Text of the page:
What You Can Do Now to Prevent Stroke

Stroke prevention - man with walker and PT

As part of our ongoing blog series in honor of American Stroke Awareness Month, this week’s post is all about stroke prevention. Although there is no way to completely protect ourselves against stroke, there are many choices we can make on a day to day basis that significantly reduce our risk.

Here are a few areas to focus on.

What is a Stroke? Read the first post in this series.

Start With Healthy Living

As with most disease prevention, a healthy lifestyle is the first step toward preventing stroke. What we eat, our activity levels, how much sleep we get—focus on these three areas on a consistent basis and your risk will be significantly reduced.

  • Healthy Nutrition – We’ve written at length on the importance of nutrition in everyday life. Start with the basics: limit your intake of refined sugars and high-fat foods. Poor diet can contribute to some of the conditions that carry higher stroke risk, such as high cholesterol, obesity, and diabetes. What you eat has a direct impact on these conditions.
  • Regular Exercise – You know the rule of thumb: three times a week, half an hour at a time. To reduce stroke risk, though, it is recommended that you exercise more frequently, even daily. This can be as simple as taking a fifteen-minute walk during the day, or a light stretch in the morning. Find an activity that motivates you, or sign up for a group activity (boxing, yoga, running) to be motivated by others.
  • Consistent Sleep – Ah, the oft-overlooked essential. Sleep feeds into all that we do, including our risk of stroke. Unhealthy sleep patterns can add up over time, worsening some of the other risk factors for stroke risk. Aim for an average of eight hours a night every week and your body will thank you.

Your Doctor Can Help

Outside of the lifestyle choices that we control on a daily basis, it’s important to visit our physician on a regular basis to discuss stroke, monitor our diagnostics, and keep an eye on any conditions that contribute to stroke risk.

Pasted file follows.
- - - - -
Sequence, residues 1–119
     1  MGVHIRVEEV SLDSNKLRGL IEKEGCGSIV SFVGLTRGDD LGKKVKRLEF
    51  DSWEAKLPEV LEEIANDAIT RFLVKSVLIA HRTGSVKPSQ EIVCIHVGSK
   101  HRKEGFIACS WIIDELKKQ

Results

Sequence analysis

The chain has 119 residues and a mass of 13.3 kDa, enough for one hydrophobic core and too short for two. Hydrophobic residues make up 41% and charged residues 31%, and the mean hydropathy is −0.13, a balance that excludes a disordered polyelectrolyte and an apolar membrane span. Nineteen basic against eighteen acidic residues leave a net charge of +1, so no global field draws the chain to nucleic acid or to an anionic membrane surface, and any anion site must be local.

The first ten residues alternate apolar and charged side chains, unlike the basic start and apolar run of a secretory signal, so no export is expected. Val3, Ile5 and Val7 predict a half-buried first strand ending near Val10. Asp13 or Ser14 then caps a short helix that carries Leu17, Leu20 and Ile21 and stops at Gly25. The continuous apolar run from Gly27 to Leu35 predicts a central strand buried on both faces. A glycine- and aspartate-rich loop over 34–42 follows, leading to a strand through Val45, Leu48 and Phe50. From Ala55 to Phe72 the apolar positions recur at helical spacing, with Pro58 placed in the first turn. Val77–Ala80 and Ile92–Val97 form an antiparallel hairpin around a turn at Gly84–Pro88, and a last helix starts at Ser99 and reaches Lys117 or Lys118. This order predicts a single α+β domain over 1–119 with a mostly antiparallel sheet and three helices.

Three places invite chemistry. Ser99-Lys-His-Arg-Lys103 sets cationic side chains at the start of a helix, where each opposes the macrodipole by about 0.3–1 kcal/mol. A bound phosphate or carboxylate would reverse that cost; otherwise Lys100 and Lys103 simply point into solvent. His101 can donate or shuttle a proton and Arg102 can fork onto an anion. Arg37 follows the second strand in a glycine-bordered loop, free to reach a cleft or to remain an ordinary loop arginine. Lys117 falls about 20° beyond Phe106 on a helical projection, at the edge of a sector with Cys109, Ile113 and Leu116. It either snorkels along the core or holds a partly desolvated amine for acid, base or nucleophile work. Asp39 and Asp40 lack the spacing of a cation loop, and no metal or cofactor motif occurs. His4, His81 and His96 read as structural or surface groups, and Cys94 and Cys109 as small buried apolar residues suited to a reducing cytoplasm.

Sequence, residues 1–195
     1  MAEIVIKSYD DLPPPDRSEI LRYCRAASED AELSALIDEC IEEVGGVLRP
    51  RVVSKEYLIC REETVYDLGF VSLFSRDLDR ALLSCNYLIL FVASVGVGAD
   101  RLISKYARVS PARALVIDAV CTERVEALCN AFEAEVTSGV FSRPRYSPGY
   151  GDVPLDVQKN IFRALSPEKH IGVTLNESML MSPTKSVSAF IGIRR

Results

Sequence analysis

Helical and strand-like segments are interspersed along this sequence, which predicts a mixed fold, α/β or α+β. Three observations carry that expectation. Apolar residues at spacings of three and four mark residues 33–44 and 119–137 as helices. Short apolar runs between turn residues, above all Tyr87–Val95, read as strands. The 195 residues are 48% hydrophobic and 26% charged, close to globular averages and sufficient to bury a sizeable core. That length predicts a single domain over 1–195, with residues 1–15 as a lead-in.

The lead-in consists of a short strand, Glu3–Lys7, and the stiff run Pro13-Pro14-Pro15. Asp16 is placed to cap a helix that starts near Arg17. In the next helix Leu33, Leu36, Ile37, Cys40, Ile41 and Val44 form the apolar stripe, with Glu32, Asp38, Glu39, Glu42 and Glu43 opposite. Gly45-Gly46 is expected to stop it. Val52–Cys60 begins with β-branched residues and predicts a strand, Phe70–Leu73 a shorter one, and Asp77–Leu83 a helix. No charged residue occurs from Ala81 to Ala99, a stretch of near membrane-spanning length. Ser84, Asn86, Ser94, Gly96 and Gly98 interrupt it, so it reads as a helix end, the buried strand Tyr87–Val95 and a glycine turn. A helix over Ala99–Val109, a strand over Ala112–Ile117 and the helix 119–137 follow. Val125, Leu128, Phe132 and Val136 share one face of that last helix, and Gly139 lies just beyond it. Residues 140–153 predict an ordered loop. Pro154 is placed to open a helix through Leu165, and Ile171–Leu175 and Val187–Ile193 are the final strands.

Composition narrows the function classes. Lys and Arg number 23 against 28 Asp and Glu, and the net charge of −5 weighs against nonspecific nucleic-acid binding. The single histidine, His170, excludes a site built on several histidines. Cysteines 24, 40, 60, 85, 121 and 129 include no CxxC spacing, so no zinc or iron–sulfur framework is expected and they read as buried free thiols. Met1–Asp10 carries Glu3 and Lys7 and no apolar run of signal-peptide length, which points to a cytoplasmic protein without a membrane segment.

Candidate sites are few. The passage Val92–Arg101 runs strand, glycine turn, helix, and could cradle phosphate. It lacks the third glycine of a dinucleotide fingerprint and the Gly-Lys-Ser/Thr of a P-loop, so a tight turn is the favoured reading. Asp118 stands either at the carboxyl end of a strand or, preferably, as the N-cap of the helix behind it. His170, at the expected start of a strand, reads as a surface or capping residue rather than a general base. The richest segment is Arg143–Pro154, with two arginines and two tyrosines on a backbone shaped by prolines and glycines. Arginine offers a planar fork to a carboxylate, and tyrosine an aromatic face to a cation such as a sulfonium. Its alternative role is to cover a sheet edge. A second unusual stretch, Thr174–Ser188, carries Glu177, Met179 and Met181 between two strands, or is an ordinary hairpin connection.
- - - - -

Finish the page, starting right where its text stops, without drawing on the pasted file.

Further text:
• Monitor blood pressure and cholesterol — Both high blood pressure and cholesterol levels can contribute to stroke risk. Regular visits to the physician can help identify any trend lines. The doctor will likely make recommendations for regulating these numbers.
  • Atrial Fibrillation – This condition, characterized by abnormal heart rhythm, carries heightened stroke risk. It is important that you treat and manage atrial fibrillation.
  • Diabetes – Both Type 1 and Type 2 diabetes carry heightened stroke risk. It’s important to monitor and manage these conditions, working closely with your physician.
  • Obesity – Maintaining a healthy weight range is crucial to avoiding a stroke. Obesity, among its many dangers and possible complications, contributes significantly to stroke risk

Paying attention to these potential problem areas can help reduce stroke risk throughout the course of a lifetime. However, it’s important to keep things within reason and resist the fear and anxiety that sometimes accompany stroke risk. Why? Because high-stress levels increase the risk for all sorts of disease, including stroke.

Be sure to stay tuned to the AlterG® blog as we continue our blog series dedicated to Stroke Awareness Month. In our upcoming post, we’ll take a look at the road to rehabilitation after a stroke, including the role of physical therapy during the rehab process.

Did you know that many stroke rehabilitation protocols utilize the Alter® Anti-Gravity Treadmill™?